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'NYT' Looks to High Court After Appellate Rebuff
Calvin Reid -- 4/17/00

The New York Times has asked the Second Circuit Court of Appeals in Manhattan to delay executing its mandate after the court declined to reconsider a ruling issued in late 1999 that publishers must have permission to include the work of freelance writers in electronic databases. A spokesperson for the New York Times told PW that the paper of record's lawyers are considering whether to file a petition to the U.S. Supreme court to review the case.

Lawyers for Jonathan Tasini, president of the National Writers Union, who filed the suit along with nine co-plaintiffs, were surprised by the move and accused the New York Times and its co-defendants of resorting to delaying tactics.

Catherine Mathis, a spokesperson for the NYT, told PW that the defendants, who also include Newsday, Time Warner and other media companies, have 90 days to file a request for Supreme Court review. Mathis said the defendants are considering filing the petition "because the case raises so many issues about the Internet. We think that the U.S. Supreme Court should review it."

The suit, filed in 1994 by Tasini, charged publishers with copyright infringement for unauthorized use of freelancers' work in electronic databases. In late 1999 the appellate court reversed the district court and said that publishers must get permission from the freelancers. The ruling could make publishers liable for millions of dollars in payments to writers whose work has already been digitally repackaged. In its petition the New York Times claimed that the ruling would force publishers to pull freelancers' material from databases, crippling researchers and forcing them back to using paper.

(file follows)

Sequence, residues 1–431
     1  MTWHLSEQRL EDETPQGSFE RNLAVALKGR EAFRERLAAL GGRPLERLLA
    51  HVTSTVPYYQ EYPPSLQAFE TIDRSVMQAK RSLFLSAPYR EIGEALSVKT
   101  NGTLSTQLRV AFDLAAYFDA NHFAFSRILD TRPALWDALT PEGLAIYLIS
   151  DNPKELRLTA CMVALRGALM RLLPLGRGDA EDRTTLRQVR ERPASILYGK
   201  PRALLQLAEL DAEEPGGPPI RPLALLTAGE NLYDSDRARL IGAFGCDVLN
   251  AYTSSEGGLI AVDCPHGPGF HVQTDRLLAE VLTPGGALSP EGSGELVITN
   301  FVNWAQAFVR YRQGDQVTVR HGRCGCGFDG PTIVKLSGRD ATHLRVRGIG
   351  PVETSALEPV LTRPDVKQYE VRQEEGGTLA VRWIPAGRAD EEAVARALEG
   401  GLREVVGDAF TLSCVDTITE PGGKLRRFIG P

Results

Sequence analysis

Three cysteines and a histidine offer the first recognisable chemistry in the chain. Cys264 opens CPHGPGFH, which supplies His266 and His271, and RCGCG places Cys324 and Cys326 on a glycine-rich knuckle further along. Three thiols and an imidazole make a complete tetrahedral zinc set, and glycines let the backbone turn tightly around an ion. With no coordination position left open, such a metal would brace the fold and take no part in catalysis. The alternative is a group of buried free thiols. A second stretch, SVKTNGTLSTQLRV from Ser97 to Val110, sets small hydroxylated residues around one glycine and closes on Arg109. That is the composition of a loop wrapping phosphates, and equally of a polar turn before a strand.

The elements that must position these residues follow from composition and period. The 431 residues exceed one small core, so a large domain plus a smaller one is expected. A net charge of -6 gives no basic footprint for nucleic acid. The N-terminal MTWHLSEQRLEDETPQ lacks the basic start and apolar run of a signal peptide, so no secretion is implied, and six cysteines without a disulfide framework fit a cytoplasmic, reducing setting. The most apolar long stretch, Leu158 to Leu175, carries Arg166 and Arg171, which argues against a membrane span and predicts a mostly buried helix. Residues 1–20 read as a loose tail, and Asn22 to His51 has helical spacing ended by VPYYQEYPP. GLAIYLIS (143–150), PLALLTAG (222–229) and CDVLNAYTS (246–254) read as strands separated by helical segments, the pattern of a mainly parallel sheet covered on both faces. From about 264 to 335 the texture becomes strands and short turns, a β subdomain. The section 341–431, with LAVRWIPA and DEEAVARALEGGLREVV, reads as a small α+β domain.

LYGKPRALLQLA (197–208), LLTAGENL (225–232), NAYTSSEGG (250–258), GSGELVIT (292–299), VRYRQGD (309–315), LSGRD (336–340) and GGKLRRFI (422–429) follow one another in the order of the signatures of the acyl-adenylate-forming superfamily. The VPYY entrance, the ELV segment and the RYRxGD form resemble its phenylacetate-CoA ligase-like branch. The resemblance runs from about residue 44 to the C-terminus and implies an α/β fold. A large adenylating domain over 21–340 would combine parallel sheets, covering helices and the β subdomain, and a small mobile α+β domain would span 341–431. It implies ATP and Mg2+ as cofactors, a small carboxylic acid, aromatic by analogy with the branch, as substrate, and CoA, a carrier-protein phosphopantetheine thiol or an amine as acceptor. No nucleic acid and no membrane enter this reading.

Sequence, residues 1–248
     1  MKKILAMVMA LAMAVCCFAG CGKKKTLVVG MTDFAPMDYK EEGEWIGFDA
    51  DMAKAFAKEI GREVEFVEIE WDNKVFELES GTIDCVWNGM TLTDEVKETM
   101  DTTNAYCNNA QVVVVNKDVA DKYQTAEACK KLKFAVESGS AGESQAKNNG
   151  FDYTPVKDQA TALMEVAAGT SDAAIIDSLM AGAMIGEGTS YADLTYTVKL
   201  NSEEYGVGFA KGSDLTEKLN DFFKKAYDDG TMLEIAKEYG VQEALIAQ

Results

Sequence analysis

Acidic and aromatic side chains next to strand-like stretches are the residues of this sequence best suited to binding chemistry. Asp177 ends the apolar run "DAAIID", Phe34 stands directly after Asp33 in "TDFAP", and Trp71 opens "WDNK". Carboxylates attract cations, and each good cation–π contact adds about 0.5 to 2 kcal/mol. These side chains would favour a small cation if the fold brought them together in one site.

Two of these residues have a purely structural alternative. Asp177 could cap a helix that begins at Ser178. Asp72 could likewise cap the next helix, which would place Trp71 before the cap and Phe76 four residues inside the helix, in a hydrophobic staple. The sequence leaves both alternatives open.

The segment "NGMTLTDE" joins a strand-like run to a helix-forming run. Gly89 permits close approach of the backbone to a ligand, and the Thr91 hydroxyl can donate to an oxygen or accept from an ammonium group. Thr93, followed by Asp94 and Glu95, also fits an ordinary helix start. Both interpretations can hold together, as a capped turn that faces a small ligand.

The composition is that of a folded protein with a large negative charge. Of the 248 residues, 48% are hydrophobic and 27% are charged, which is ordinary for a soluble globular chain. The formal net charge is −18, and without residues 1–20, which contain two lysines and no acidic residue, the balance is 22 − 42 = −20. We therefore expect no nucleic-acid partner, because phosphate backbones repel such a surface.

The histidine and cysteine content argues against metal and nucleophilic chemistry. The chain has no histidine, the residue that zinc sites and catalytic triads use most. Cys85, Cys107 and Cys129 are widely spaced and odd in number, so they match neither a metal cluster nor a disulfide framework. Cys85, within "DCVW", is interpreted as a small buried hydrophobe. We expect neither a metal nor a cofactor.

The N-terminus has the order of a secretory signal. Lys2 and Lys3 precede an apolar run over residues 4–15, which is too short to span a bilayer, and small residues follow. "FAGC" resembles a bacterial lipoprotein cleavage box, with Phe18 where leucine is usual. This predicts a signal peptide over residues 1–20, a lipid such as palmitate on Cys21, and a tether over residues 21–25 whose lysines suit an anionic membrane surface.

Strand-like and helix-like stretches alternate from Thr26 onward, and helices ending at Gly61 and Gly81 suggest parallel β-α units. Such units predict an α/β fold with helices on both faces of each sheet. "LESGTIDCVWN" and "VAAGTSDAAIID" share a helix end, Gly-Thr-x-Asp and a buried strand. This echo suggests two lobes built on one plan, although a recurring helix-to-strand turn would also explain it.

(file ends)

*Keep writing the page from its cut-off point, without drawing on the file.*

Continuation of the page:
Lawyers for plaintiffs were perplexed at the Times' actions. Emily Bass, of the New York firm Gaynor & Bass, told PW the move "d sn't surprise me," but said "any arguments they could raise have already been thoroughly considered and rejected." Bass also explained that after declining to reconsider its reversal, the appellate court was set to begin hearings on the amount of damages the defendants are liable for. Patricia A. Felch, from the Chicago firm Banner & Witcoff, also pointed to this to emphasize that there has not been a final judgment in the suit, and "it's not likely that the Supreme Court will take a case that isn't even over."

Felch said the Supreme Court generally only reviews cases where there have been a number of contradictory rulings, which has not happened in this suit. She called the likelihood of the case being accepted "remote. This smacks of harassment. It just means more briefs, more legal fees and more delays. It shows how scared the New York Times is of this opinion."
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